CAN you tell me what links Jurgen Klopp, a man from Croydon, and ground-breaking social change on the outskirts of Cape Town?

If you’re blurting the words Hout Bay United, then congratulations – I want you in my pub quiz team. And if you’ve not heard of them, you should have.

They aren’t an obvious choice for the foreign fan, operating in the humble third tier of South African football, resting at ninth in the table at the time of writing, and residing in Hout Bay, an area only 1/15th the size of Klopp’s adopted city of Liverpool.

The club was formed in 2014, starting with some jumpers for goalposts and the passion and energy of Croydon-based founder and club owner Jeremy Olsen.

“I came over on honeymoon, loved the country and got an opportunity to move over about six months later,” says Olsen.

“The project evolved from a social game between my staff, friends and kids who lived around the field. There was an amazing energy where everyone was equal, and the kids were talented. We began to understand the power we had as mentors. That’s when we looked to start the team.”

So how on earth did Jurgen Klopp become a follower of such an obscure team around 14 000km away from his boys in red? 

Well, Hout Bay United are far more than a football club as Olsen explains.

“Our aim is to unite the communities of Hout Bay, uplift youth through mentorship and bring pride to Hout Bay through successful football, successful programmes and developing great people.”

Despite three decades passing since the end of the apartheid system in the country, many areas in South Africa remain divided along racial lines. Black and white inhabitants live together yet remain deeply divided economically.

Hout Bay is a typical example of this, made up of predominantly white households of middle to high income in the “Valley”, with a majority black population in the settlement of Imizamo Yethu, where day-to-day life can be a struggle.

Hout Bay United are doing their best to force progressive social change, bringing people of all backgrounds together, not just to win football matches, but to better their community.

They are host to around 500 players across all age groups, of all races and genders, and who are all exclusively from Hout Bay. The first team even boasts a 100% employment rate!

“We have a holistic philosophy and have put in place a player development pathway which looks to uplift off the pitch, but in doing so improve performance on the pitch,” says Olsen.

This community involvement has led to Hout Bay experiencing up to an 80% drop in the crime rate on the night of home fixtures, according to official stats from the local police commissioner.

After making such an impact on their community in their infant years, it comes as no surprise that the club caught the eye of one of the biggest managers in world football. But just how did Jurgen Klopp become affiliated with Hout Bay United?

“Jurgen came over in November 2017 and put on a great private event at the local market to 2000 or so people, chatting about his career in a really informal setting to raise funds. We have been in contact ever since and he’s continued to help us regularly,” Olsen tells us.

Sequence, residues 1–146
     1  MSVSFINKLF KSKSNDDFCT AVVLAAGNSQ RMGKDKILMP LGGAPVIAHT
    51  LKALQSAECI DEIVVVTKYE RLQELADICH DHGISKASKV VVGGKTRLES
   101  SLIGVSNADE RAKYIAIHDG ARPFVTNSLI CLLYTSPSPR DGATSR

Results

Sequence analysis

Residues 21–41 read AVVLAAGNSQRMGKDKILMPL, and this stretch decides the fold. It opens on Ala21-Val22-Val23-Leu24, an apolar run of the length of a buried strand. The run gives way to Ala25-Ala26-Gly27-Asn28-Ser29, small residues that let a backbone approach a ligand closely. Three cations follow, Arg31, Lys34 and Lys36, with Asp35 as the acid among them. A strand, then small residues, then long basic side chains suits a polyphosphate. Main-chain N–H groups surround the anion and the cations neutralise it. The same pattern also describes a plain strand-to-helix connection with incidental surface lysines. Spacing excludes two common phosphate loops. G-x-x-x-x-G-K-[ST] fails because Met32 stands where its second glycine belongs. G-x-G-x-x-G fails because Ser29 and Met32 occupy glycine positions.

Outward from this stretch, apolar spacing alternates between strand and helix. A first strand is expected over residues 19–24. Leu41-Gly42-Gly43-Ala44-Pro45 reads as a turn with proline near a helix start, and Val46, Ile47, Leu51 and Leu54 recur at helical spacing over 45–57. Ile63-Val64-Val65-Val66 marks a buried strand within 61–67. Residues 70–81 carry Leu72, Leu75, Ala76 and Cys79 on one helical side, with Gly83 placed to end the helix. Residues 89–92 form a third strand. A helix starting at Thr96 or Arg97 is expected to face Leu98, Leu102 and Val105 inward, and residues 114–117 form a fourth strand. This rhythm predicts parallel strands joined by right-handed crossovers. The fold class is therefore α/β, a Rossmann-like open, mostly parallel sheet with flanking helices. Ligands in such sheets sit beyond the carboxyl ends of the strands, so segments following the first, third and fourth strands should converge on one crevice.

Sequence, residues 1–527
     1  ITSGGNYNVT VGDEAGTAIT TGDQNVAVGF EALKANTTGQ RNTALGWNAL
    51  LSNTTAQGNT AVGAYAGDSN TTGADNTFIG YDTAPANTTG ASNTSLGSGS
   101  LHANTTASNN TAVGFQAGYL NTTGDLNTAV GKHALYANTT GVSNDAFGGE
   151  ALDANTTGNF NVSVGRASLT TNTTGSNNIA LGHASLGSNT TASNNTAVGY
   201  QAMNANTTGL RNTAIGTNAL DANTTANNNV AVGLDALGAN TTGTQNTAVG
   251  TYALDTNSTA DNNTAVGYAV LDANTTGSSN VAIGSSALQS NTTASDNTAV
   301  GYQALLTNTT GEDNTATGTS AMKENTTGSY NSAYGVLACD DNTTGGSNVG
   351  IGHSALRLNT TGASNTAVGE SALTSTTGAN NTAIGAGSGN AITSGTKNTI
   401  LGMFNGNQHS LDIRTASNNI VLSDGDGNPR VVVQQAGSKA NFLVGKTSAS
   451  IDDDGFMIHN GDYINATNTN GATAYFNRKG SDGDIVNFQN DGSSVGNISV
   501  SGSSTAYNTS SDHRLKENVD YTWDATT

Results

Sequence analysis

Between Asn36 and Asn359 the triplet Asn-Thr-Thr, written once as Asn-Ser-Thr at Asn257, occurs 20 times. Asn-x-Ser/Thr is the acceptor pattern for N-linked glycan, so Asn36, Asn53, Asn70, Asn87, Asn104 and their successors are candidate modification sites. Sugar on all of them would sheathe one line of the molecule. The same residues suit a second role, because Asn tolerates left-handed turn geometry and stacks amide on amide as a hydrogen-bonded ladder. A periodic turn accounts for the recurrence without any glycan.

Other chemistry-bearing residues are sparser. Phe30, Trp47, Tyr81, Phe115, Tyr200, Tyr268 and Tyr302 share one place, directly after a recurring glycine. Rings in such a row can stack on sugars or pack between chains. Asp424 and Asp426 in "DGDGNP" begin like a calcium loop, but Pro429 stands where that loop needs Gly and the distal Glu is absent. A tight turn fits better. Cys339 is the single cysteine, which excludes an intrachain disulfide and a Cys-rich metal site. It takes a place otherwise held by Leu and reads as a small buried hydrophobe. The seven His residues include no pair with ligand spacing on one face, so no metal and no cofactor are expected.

In an effort to tell the story of the club more effectively, Hout Bay United have recently partnered with digital platform provider PT SportSuite with the aim of taking their media output to the next level. The partnership will allow Hout Bay United to increase the amount of digital content they capture, store, manage and publish to their fans, while innovative technology – including a platform for fans to share their own multimedia, and  an augmented reality scanning tool – will allow the club and its supporters to interact in new and exciting ways, providing more value for the community of Hout Bay.

PT SportSuite CEO Richard Cheary, a passionate Liverpool fan, is delighted to be working with the club by providing a digital platform that will allow HBUFC to operate like a modern media house.

“Hout Bay have a very unique story within the football world and one which can help to inspire other clubs across football wanting to make a difference in their communities.

“We are excited to work with Jeremy and the team by bringing them the platform solutions that will allow them to build a digital community around the club. Our digital systems will ensure they can spend less time in the office and more time on the field doing what they do best with these young people and adults.”

Olsen says his long-term goals for Hout Bay go way beyond just football and he hopes to continue to make positive changes to people’s lives.

“Our partnership with PT SportSuite means we’ll have the tools to start managing our digital media in line with professional sporting organisations. Hopefully this journey can take the amazing story of this club and tell it through the eyes of all the different characters who make up the Hout Bay United Football Community.

“It’s a worthy story and a worthwhile cause that hopefully more and more people can now be exposed to it.”

We may even see Olsen’s social model implemented closer to home.

“If we reach our goals and we can build a transferable model then it would be amazing to try and implement similar programmes in other parts of the world for sure,” he says.

Klopp’s side may be showcasing a massive points lead in the Premier League, but Olsen’s Hout Bay United are achieving something much bigger than a title win.

For more information on Hout Bay United, go here: